While American suburbs are more diverse than ever, an emerging middle class is driving the explosive suburbanization in Asian cities. Across the world, the lines of urban, suburban and rural are more blurred than ever before.

Following World War II, suburbs grew as a sign of economic success. Their growth was accelerated by a prosperous middle and working class and the affordability of the motor car, and desired because the less dense housing promised a cleaner, healthier lifestyle.

This was a rebound of sorts from the rush to the cities during the industrial revolution. Although decades old, this original population shift is repeating itself today in China and India, where increased agricultural efficiency is driving jobs - and therefore people - to the cities in massive numbers.

Yet these new Asian cities actually have more in common with modern American cities like Dallas and Houston, which boomed more recently and were designed with suburbia and the automobile in mind.

"Young adults and affluent middle-classes are moving into urban areas, while immigrants and poorer people are claiming suburbs of their own. Both economists and sociologists question whether this is a lasting trend or not, with some pointing to the economic downturn of 2008 as the reason for the trend."


In the western world, the identity of suburbs is in flux. In his book The Great Inversion, Alan Ehrenhalt says that many American cities are following the example set by London and Paris, where more affluent people move closer to the center, which in turn drives a major change in suburban demography.

Contrary to popular belief, suburbs in the western world are still booming. It’s what’s happening within them where it gets interesting, according to Pete Saunders, urban planner and an expert on urban affairs for Forbes.

“Young adults and affluent middle-classes are moving into urban areas, while immigrants and poorer people are claiming suburbs of their own. Both economists and sociologists question whether this is a lasting trend or not, with some pointing to the economic downturn of 2008 as the reason for the trend. It’s hard to say for sure if it’s going to continue but right now there seems to be an express preference from younger generations for an eclectic and dynamic urban living, which is a move away from the more homogenous suburban life of the past.”


Suburbs were not built to handle a working class population with greater need for public services and transportation. Saunders suggests that rather than expecting the people to adapt to the suburbs, it needs to be the other way around.

“The social risks of not adapting public policy to the changing populations can be seen in Paris and to a lesser extent London. Suburbs need to adapt to the changing population rather than expecting people to adapt to suburbs. Driving is ticking downwards in American cities and the expansion of public transit in cities like Los Angeles has been huge. Such planning enables suburbs to become more like cities themselves, with a broad range of housing, job opportunities and mixed-use developments."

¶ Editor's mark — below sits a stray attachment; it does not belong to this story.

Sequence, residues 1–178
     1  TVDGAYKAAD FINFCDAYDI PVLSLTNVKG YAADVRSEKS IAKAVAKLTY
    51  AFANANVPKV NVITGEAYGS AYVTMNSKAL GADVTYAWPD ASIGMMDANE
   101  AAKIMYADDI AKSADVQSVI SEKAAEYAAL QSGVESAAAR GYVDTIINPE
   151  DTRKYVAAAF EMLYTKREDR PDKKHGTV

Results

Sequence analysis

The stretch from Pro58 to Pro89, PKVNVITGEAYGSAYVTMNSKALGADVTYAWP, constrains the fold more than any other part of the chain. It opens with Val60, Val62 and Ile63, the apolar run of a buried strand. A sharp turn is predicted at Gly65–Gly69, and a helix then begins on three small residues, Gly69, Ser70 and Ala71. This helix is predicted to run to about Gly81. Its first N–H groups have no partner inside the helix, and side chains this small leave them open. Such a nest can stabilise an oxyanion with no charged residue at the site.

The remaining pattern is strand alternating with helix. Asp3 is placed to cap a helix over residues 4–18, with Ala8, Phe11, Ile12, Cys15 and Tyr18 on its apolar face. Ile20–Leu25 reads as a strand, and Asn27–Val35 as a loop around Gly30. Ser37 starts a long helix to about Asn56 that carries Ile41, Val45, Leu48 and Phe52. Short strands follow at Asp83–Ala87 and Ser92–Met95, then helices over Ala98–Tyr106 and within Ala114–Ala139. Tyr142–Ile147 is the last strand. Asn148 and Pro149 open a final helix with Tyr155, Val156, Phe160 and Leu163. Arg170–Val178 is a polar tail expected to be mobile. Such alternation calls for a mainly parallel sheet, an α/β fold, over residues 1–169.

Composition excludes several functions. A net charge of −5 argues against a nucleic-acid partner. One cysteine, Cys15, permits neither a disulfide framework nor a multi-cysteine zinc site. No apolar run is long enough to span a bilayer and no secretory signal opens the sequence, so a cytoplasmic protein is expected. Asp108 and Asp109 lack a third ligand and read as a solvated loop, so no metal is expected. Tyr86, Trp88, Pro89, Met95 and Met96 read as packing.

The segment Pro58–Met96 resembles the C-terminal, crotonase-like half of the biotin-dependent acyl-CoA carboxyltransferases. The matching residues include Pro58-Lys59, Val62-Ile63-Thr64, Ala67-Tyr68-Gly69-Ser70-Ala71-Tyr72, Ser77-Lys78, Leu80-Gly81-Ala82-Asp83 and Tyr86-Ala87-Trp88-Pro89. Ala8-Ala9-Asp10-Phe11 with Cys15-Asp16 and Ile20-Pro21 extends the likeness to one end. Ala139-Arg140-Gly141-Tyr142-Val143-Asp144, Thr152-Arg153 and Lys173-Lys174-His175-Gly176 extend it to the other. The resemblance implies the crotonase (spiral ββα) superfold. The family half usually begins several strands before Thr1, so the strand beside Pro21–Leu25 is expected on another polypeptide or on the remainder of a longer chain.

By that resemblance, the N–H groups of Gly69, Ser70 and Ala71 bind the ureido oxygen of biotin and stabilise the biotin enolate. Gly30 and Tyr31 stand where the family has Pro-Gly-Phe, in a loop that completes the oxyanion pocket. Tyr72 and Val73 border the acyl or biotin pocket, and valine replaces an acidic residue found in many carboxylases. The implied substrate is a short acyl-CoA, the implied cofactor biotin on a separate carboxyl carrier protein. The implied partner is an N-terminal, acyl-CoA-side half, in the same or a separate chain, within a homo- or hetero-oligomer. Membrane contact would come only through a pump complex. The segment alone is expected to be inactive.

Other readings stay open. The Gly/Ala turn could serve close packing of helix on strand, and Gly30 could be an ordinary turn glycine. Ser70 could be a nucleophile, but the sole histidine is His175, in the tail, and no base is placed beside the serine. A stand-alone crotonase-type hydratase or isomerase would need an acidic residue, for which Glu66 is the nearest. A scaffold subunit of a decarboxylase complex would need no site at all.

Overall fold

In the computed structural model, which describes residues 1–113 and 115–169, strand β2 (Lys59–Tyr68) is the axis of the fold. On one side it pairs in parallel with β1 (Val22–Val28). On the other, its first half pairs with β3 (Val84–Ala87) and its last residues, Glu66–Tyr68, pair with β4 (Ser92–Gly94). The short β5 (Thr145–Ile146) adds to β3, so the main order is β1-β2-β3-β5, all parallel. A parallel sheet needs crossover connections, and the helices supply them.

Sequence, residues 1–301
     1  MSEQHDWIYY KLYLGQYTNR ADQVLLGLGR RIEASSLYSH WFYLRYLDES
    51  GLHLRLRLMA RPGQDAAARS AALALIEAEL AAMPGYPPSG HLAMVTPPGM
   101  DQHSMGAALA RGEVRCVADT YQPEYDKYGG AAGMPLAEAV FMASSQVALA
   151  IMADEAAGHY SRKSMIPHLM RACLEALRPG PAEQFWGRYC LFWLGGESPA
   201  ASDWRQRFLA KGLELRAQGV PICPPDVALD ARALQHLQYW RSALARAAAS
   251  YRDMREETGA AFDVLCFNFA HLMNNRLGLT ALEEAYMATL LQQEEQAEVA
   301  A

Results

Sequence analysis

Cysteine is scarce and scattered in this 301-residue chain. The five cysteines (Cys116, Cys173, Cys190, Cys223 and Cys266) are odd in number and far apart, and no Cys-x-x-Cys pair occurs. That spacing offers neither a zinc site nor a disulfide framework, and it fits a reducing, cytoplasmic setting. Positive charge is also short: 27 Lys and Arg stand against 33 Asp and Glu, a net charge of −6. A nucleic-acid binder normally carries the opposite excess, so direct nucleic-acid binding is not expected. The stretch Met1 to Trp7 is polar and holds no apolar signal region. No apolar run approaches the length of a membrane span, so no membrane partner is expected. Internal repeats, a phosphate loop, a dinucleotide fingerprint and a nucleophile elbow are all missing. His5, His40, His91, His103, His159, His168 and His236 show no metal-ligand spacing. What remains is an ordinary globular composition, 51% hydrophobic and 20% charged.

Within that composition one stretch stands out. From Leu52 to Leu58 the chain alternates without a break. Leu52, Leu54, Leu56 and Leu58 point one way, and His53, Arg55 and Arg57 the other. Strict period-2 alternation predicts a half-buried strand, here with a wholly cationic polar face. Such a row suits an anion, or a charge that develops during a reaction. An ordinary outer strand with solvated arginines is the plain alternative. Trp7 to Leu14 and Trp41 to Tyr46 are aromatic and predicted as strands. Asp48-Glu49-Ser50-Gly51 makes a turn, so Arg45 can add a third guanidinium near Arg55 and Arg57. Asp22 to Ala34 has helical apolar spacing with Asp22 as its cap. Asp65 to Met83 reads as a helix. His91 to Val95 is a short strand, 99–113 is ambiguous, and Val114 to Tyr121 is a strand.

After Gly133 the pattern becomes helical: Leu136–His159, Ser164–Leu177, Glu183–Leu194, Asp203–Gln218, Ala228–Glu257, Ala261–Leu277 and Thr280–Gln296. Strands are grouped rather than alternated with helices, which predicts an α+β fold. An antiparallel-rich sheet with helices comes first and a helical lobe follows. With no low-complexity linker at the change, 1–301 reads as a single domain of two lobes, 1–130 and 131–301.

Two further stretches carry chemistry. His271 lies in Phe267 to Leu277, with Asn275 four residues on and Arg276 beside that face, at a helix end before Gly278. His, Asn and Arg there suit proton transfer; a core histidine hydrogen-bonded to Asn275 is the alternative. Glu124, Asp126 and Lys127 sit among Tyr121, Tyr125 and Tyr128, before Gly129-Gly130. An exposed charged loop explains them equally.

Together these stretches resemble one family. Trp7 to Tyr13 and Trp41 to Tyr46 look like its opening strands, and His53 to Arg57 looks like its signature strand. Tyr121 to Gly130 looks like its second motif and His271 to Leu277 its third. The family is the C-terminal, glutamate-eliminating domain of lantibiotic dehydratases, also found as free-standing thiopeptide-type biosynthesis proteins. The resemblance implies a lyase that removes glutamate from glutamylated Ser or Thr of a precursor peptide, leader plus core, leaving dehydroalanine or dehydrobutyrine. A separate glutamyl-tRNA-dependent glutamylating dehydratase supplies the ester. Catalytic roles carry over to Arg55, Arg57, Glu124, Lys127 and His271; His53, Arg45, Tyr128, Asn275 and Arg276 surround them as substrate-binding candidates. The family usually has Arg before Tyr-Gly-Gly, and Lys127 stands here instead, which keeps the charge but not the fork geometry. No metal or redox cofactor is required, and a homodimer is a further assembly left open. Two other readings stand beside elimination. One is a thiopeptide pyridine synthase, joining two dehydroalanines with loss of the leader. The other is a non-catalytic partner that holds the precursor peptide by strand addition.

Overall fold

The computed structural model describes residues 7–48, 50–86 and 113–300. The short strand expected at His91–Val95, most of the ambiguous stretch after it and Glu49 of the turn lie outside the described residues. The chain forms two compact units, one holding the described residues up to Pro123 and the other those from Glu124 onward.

The explosive growth of Asian cities now mirrors the growth of cities like Chicago, which grew from 300,000 to more than 3 million from 1870 to 1930.

The Indian city of Chennai is spreading outward at pace, but lifestyle choice is not the major reason. Companies have relocated out of the city and workers have followed, both taking advantage of lower costs and extra space. In high-tech manufacturing, the urban core lost about a quarter of its workers, while the outer ring, between 25km and 50km from the center, gained 23% more jobs.

It remains to be seen how the emerging middle class and their desired lifestyles will be integrated into the current city structure, not only in Chennai, but across the Asian continent.


The rise of the sharing economy means that automobile use may not drop away in lieu of public transportation. Services such as Uber and car sharing clubs give city dwellers the use of a car without the overhead of owning one. Research firm Juniper forecasts that shared transport platforms, who typically take just 20% of driver earnings, will see revenues grow from an estimated $3.3 billion in 2015, to $6.5 billion by 2020.

Robert Bruegmann, professor at the University of Illinois at Chicago and expert on urban sprawl, speculates that future demographic shifts could be driven by the introduction of the driverless car.

“The era of the driverless car is much closer than most people realize. I suspect that once the system reaches critical mass, expansion of public transit will mostly cease. In fact, a good deal of existing public transit may no longer be necessary since a system of shared driverless could provide a more efficient public transit system that gets people directly from A to B rather than stop to stop.”

“Bus and rail transit will probably persist in older, denser cities, particularly between high density nodes like downtown and airports, but it’s quite possible that shared driverless cars will be the public transportation system of choice in the future. As people become more affluent, their time becomes more precious. Today, it’s almost always quicker to take the same journey by car than by public transport in the majority of western cities, unless you live in the very center. As time goes on, I foresee fewer people willing to deal with the limitations imposed by bus and rail systems based on 19th century technology."

With ongoing improvements in telecommuting technology and a rise in the independent workforce, our choice of where to live may soon depend far less on where we work and far more about the kind of lifestyle we want.

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